Laneway houses on single-family lots in Vancouver are a step closer to reality after city council voted unanimously to send the issue to a public hearing.
“This is the final step,” Vision Vancouver councillor Andrea Reimer told the Georgia Straight following council’s June 16 meeting. “It will go to public hearing, and if it passes at public hearing, it will be allowed in short order after that. If it doesn’t pass at public hearing, it will not be allowed.”
Vision councillor Raymond Louie amended a staff recommendation to allow the construction of one- or one-and-a-half-storey buildings on existing single-family lots.
Reimer said that when looking at building laneway housing, homeowners should consider three interrelated factors: parking, the height of the unit, and the length of the lot. The public hearing will determine how much parking would be required on each site.
Speaking outside council chambers, development consultant and 2008 Non-Partisan Association council candidate Michael Geller told the Straight that laneway housing is “a good idea” and that he’d “love to see it succeed”. He promoted this policy during the last civic campaign.
“What this means for Vancouver is that we will be able to see more single-level units—which I think of as more like cottages, as distinct [from] two-level units,” Geller said. “But at least there will be a chance to see both being built and people can evaluate them. I really want this to succeed as an experiment, because it is a wonderful idea. In England or in Australia, we call them ”˜granny flats’. ”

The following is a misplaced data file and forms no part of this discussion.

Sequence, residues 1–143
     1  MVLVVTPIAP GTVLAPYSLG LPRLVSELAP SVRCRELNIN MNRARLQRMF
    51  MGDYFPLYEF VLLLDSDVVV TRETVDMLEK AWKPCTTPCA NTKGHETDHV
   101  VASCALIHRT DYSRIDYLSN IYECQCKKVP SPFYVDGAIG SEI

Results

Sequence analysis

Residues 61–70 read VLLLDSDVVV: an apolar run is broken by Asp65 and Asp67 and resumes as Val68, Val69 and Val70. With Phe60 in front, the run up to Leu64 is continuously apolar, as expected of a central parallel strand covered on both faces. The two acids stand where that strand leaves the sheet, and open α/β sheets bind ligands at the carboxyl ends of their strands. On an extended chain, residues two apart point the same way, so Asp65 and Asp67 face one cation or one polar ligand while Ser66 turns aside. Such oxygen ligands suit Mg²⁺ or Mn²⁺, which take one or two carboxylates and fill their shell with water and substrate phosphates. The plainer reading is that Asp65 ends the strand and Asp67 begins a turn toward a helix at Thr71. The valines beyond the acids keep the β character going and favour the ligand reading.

Last October, the previous NPA–dominated council approved 25 directions for laneway housing and instructed staff to come back with a report laying out how plans could proceed citywide. City planning director Brent Toderian told council at the June 16 meeting that permitting laneway housing in all areas of the city would lead to an equitable distribution of the units and avoid concerns over varying tax rates.
“We were hearing from the public that there was a great deal of interest in these housing types across the city, and that there was a certain benefit to trying the housing type in all different neighbourhoods,” Toderian said at the meeting.
Reimer told the Straight her amendments to the staff recommendation dealt with the “monitoring and review” of the introduction of laneway housing.
“A report would be made available to the public at least every six months that looked at eight different impacts and tracked those—things like tree retention and location,” Reimer said. “ ”˜Are they all happening in one neighbourhood? Are they spread out?’ Also, quite importantly, it’s 100 pilots [100 laneway houses] or three years—whichever comes first—and we will review the policy in its entirety [after that].”
On the same day, council also approved a staff recommendation to amend the Zoning and Development By-law to introduce land-use definitions for a “principal dwelling unit combined with a secondary dwelling unit” and a “secondary dwelling unit”. If approved, this would allow secondary suites within apartment buildings downtown, in commercial districts, and in Southeast False Creek.